Proving to someone that you’re interested in them requires giving them your full and complete attention.  Finding out about their interests, aspirations, views, and concerns builds bonds.  What do they require to do their job well and what’s getting in their way?  What inspires, drives, and motivates them to come to work every day?  The more you know about other people the more able you are to create rapport, and as I say in Chapter 2, Finding a Common Ground with Your Listener, the more you’re able to establish rapport the more able you are to produce mutually satisfying results.

<Tip> People are willing to help you if you take an interest in them. 

When you take an interest in others you build their confidence and self-esteem, you make them feel important, valued, and worthwhile.  Let someone know that they matter and watch them respond positively to your opinions, thoughts, and recommendations.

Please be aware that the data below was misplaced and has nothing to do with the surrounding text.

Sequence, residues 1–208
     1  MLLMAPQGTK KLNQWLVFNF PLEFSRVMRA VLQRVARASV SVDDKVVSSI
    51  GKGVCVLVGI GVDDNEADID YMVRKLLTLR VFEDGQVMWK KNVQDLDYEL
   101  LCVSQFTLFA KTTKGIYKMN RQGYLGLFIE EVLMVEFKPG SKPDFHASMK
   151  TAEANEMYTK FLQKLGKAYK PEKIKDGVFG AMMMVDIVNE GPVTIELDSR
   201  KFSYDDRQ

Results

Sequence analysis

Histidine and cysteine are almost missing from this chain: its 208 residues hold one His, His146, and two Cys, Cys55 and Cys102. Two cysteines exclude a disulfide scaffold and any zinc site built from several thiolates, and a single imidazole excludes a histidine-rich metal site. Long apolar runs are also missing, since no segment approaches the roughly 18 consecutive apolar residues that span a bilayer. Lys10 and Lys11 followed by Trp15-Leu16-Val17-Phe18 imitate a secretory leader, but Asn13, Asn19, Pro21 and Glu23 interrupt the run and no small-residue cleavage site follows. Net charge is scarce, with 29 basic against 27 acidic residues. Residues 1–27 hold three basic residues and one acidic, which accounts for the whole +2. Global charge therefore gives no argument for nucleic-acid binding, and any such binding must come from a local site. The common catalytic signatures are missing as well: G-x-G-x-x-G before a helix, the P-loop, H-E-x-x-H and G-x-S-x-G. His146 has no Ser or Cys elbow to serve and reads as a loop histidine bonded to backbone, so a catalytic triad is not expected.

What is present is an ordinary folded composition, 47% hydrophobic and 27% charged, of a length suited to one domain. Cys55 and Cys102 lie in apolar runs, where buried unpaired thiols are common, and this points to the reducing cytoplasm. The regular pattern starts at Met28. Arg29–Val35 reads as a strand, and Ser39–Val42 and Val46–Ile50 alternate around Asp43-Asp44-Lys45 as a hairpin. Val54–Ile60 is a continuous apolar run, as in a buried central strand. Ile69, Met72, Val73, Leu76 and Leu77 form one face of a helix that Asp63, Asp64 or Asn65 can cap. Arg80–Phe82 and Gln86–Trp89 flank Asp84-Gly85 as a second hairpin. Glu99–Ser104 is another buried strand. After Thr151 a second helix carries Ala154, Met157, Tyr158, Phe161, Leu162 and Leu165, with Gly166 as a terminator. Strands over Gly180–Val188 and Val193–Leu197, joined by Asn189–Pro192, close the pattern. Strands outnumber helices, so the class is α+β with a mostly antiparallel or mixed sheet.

In the list below I highlight 10 ways you can show your interest in others:

Look them in the eye.  Whether you’re meeting them for the first time or have a regular on-going relationship, when you speak, look at them.    Even if you only have a few seconds to engage, use that time to make them feel like they’re important.  Looking people in the eye with warmth and authenticity makes you come across as friendly and sincere. 

Call them by name.  Using a person’s name in all forms of communication makes them feel acknowledged as an individual.  When you remember someone’s name you’re paying them a subtle compliment by  indicating that the person’s made an impression on you, adding to their feeling of importance.

Pay attention.  Respond to what the person tells you by paraphrasing back what you heard and reacting empathetically.  Avoid responding in parrot-like fashion.  That’s insulting and shows that you’re not really engaged.  Actively listen for both what is said and the underlying feelings you observe.  You can read more about the value of active listening in Chapter 7.

Provide encouragement.  Encourage others and watch their spirits lift, their self-confidence rise, and their efforts soar.  Support them and they’ll support you.

Offer words of praise.  A genuine compliment can make a person’s day.  An admiring comment, a flattering remark, or simply saying something nice about someone your impact on them will go further than you might imagine and can lead to unexpectedly positive results.